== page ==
10/15/2012 05:21 pm ET Updated Oct 25, 2012

Super-Rich Raise Home Prices To Increase Allure


It's typical for sellers to lower the asking price of their home if it's been sitting on the market for a while. But the super-rich have a different way of dealing with a house that won't sell: Ask for more money.

Amid a tenuous housing recovery, owners of luxury homes are trying to speed up the sale of their homes by raising the asking prices, The Wall Street Journal reports. In the New York Metropolitan area, for example, some 436 properties listed for more than $1 million have had their prices raised in the last year, up from 266 two years ago, according to data from online housing tracker cited by the WSJ.

But while experts point to some signs the housing market is improving, the price hikes aren't likely the result of market forces. Instead, they're probably psychologically driven. Raising the price of a luxury property can give it more attention on the global market, some real estate agents told the WSJ. Meanwhile, unique properties such as those with a connection to a particular architect, artist or celebrity can also sell for more, The New York Times reports.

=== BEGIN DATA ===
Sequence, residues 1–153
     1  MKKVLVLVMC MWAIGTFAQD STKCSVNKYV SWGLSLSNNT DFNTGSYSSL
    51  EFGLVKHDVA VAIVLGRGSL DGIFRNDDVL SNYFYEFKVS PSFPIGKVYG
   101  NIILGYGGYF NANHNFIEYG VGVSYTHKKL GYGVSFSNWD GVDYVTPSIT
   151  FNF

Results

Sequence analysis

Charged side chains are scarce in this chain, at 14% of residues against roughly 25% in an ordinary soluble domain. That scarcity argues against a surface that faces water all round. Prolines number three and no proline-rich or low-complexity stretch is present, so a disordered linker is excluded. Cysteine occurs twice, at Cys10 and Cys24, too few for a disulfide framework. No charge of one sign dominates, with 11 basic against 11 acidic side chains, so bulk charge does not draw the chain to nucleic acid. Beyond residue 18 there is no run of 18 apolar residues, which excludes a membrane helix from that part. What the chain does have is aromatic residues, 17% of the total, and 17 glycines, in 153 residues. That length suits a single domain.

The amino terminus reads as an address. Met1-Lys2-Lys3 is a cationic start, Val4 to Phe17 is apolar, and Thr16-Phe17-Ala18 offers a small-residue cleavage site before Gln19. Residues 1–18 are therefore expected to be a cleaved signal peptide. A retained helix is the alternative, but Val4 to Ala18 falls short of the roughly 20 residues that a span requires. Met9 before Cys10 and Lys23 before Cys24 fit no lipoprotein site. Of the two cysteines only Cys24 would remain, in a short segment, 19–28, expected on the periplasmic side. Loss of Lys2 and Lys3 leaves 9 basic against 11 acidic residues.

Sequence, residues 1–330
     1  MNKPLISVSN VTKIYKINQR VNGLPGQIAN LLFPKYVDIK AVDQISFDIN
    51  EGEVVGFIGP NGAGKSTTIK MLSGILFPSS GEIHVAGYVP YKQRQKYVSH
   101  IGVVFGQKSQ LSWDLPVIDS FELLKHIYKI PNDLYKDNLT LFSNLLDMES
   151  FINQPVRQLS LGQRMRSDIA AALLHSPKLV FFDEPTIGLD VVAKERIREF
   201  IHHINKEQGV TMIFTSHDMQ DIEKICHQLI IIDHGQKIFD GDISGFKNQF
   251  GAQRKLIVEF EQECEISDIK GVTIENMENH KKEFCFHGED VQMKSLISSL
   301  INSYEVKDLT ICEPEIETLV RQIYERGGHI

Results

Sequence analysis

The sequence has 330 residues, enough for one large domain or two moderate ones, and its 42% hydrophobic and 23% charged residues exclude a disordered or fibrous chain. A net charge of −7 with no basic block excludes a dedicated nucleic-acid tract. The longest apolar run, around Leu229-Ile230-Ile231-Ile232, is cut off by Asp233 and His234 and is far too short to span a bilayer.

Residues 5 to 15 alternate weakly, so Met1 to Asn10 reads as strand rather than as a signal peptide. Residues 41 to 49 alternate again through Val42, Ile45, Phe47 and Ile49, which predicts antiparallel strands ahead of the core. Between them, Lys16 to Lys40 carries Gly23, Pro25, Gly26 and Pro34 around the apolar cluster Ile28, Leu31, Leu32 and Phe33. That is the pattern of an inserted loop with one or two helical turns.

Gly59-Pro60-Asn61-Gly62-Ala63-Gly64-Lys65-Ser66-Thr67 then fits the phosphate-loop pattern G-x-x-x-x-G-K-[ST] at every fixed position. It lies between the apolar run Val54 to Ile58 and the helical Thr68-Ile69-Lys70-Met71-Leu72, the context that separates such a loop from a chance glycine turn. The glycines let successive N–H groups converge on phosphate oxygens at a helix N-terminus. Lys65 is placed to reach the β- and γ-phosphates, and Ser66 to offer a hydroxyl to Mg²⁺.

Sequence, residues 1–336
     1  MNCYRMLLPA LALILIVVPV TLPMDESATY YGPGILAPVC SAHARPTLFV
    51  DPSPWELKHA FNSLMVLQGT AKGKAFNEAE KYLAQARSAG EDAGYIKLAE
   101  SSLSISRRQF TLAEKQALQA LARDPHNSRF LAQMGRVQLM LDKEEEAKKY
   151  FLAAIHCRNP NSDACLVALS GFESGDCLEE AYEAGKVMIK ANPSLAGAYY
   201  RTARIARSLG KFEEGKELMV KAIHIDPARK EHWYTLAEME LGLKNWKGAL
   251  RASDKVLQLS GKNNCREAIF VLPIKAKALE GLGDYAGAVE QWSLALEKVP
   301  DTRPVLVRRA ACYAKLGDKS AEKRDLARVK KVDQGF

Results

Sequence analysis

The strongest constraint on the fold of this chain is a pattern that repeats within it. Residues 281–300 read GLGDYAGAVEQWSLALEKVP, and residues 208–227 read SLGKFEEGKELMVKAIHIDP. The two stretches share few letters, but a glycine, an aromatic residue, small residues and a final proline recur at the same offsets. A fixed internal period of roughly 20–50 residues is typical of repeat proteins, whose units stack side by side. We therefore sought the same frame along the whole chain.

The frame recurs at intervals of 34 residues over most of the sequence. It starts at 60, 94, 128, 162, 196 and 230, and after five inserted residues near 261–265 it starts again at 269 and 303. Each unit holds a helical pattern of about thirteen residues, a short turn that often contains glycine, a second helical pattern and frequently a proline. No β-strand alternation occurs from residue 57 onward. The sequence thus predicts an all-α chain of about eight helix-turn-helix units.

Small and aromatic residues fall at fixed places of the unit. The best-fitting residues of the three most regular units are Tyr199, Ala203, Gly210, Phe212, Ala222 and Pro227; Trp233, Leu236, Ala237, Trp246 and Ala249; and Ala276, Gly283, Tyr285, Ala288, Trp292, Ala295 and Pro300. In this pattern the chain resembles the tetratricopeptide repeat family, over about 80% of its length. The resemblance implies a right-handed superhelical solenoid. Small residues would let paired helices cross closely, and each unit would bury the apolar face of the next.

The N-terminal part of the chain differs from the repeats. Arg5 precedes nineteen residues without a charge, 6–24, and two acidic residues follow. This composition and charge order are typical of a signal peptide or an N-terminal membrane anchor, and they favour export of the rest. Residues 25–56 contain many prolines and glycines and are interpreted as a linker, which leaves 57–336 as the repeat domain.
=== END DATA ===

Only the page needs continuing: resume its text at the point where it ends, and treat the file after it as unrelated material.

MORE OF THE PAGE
Some argue that these psychological impressions don't mean the luxury housing market is actually improving. They've certainly got a ways to go; think of the former Goldman Sachs partner who recently bought an apartment in New York’s prestigious 740 Park Ave apartment building for almost half the original asking price. Some housing experts say that analysts have been overstating the strength of the housing recovery and therefore artificially driving up prices, CNBC reports.

But the wealthy have been known to find ways of making the best out of a poor home situation. As the bust of the housing market depleted the value of many homes worth more than $1 million, many wealthy homeowners elected to enter foreclosure to save money, a practice known as strategic default. Poor homeowners by contrast often ended up draining resources by making monthly payments toward a mortgage that had become worth more than the property itself.



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